Dubai teen in top-10 list for $100,000 Global Student Prize

Lamya Butt was selected from among 3,500 nominated pupils around the world

A Dubai teenager who has made it to the top-10 list of the Global Student Prize wishes to use the money to help pay for university tuition if she wins.

Lamya Butt, 17, a Pakistani living in Dubai, has been named as a finalist for the Global Student Prize 2021, which promises the winner a $100,000 award.

The award will highlight the work of exceptional pupils and students making an impact on learning and the world.

I also aim to allocate some of the money towards causes I believe in such as promoting girls' education
Lamya Butt, Global Student Prize finalist

Lamya, a Year 13 pupil at Dubai Scholars Private School, was selected among more than 3,500 nominations and applications from 94 countries around the world.

The finalist said she was shocked and burst into tears, when she received the news.

“It’s a once-in-a-lifetime opportunity,” said Lamya who was born and raised in Dubai.

"I want to use it to pay for my university education.

“Two of my siblings are in university now while the youngest is in high school. We are at an age where the finances on education are taking up a huge portion of the income.

“Being able to fund my university education would be a great way to thank my parents for all that they have done for me."

Lamya also planned to share some of the money with charities who support things she feels passionately about.

“I also aim to allocate some of the money towards causes I believe in such as promoting girls' education.

“I would want to pay it forward.”

Lamya aspires to pursue her undergraduate studies in economics and political science at university in either the US or Canada.

The Global Student prize winner will be announced on November 10 during an online ceremony scheduled to be hosted from Unesco’s headquarters in Paris.

Lamya enjoys engaging in class discussions and taking on leadership roles.

One of her positions is as the first teenage adviser from the UAE for the UN Foundation's Girl Up initiative.

She was also head girl at her school and helped tutor other pupils in mathematics and economics, plus she founded the school’s newspaper.

Lamya also created Resilient Together, which works with international philanthropic organisations to provide technological devices to 20,000 pupils in the UAE who had to move to remote learning during the pandemic.

The group hosts events, activities, and youth-focused initiatives for community engagement through the pandemic.

The Global Student Prize has been launched to shine a light on their stories and listen to their voices
Lila Thomas,

Resilient Together has established chapters in five countries – the UAE, US, Poland, Mexico, and Pakistan.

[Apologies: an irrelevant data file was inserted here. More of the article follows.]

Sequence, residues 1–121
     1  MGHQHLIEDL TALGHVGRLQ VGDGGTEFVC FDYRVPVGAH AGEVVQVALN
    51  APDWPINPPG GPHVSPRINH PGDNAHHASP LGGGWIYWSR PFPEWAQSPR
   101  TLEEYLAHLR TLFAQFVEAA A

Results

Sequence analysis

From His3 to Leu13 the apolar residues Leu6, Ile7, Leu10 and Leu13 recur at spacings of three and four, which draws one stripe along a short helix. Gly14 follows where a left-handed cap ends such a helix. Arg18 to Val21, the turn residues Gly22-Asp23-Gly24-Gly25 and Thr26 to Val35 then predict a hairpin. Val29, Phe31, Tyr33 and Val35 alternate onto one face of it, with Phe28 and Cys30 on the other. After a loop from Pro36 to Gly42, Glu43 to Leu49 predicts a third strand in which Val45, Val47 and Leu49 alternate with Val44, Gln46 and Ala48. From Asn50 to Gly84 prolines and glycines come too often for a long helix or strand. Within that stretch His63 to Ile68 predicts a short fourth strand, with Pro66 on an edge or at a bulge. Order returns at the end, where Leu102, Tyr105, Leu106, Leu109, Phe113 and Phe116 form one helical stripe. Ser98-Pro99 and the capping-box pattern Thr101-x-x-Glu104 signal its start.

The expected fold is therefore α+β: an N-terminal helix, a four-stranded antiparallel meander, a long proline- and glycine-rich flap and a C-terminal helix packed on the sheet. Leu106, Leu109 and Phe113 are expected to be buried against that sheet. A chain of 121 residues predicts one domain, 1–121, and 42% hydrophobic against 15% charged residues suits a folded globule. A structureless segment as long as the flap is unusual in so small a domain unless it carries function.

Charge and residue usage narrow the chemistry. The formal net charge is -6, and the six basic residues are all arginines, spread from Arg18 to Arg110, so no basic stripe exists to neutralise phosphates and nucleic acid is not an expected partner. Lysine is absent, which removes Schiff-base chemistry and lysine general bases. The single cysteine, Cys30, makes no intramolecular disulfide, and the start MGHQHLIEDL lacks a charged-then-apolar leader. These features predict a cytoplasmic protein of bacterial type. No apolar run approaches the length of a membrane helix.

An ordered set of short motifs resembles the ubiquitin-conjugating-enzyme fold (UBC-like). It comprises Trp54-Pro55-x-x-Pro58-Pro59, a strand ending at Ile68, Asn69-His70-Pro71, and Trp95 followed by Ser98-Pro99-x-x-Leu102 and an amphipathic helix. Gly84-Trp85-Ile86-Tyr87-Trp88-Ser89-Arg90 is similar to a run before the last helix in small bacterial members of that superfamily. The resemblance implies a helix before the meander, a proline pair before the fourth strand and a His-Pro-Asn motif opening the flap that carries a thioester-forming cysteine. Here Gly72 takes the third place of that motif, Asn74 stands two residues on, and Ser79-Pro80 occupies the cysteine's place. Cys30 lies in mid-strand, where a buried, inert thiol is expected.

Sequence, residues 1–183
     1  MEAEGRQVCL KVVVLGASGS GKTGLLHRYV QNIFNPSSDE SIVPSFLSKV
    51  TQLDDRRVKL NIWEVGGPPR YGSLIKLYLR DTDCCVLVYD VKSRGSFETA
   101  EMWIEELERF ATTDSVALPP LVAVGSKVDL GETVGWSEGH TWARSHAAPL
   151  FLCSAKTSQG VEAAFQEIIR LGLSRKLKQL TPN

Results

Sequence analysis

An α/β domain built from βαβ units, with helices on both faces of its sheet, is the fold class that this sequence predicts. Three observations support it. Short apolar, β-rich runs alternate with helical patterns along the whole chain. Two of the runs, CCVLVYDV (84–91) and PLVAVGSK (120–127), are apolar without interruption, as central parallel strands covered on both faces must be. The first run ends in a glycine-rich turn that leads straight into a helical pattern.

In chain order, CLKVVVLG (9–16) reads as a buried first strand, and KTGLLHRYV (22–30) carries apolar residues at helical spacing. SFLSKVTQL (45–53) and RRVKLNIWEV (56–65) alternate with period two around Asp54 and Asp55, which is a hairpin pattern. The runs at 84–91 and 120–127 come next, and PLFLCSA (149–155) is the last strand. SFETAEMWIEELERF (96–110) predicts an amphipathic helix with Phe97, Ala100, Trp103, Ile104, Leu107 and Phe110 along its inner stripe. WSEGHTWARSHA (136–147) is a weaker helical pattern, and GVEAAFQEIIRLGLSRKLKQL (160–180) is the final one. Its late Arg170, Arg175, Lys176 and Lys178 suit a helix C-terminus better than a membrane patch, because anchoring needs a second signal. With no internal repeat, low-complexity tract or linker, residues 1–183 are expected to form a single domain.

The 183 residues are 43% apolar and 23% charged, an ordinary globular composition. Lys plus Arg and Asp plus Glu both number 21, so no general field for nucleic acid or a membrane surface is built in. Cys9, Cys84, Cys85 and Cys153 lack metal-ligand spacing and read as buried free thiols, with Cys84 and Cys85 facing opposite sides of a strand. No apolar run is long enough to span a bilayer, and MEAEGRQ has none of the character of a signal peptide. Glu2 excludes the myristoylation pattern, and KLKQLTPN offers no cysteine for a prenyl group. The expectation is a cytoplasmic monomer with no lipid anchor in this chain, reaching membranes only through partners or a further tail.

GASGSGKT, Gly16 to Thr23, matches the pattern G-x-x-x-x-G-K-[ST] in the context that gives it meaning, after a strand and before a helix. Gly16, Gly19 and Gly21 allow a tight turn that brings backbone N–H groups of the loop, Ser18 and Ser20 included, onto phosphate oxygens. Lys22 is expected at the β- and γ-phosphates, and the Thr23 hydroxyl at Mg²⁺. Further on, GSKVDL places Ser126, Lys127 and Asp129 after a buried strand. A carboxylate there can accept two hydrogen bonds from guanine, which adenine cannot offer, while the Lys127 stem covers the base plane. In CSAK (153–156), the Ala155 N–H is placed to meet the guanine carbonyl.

If Lamya wins, she said, she would also invest further in Resilient Together to buy equipment for her podcast and pay volunteer instructors.

This year the Varkey Foundation launched the Global Student Prize, a student equivalent of the annual $1 million teacher prize. is a supporter of the Global Teacher Prize and partnered with the Varkey Foundation to create the new Global Student Prize.

Pupils and students are assessed on their academic achievements, impact on peers, how they make a difference in their community and beyond, as well as overcoming odds and demonstrating creativity.

It is open to all pupils aged 16 and above and college students enrolled in an academic institution or training programme. Part-time students, as well as students enrolled in online courses, can also apply.

“Lamya and all our finalists represent the courageous and hardworking students all over the world that are fighting for their future," said Lila Thomas, head of

"Despite the challenges of Covid, this generation of students has shown the kind of resilience and creativity that give us all hope as we confront the towering challenges ahead.

"The Global Student Prize has been launched to shine a light on their stories and listen to their voices."

Sunny Varkey, founder of the Varkey Foundation, congratulated Lamya, and said: “Her story clearly highlights the importance of education in tackling the great challenges ahead – from climate change to growing inequality to global pandemics. It is only by prioritising education that we can safeguard all our tomorrows. “

The other top 10 finalists for the Global Student Prize 2021 are Amisa Rashid from Kenya, Elliott Lancaster from the UK, Jeremiah Thoronka from Sierra Leone, Kehkashan Basu from Canada, Ana Julia Monteiro de Carvalho from Brazil, Matine Khalighi from the US, Mirko Cazzato from Italy, Oluwadamilola Akintewe from Nigeria and Seema Kumari from India.

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Updated: October 17th 2021, 11:01 AM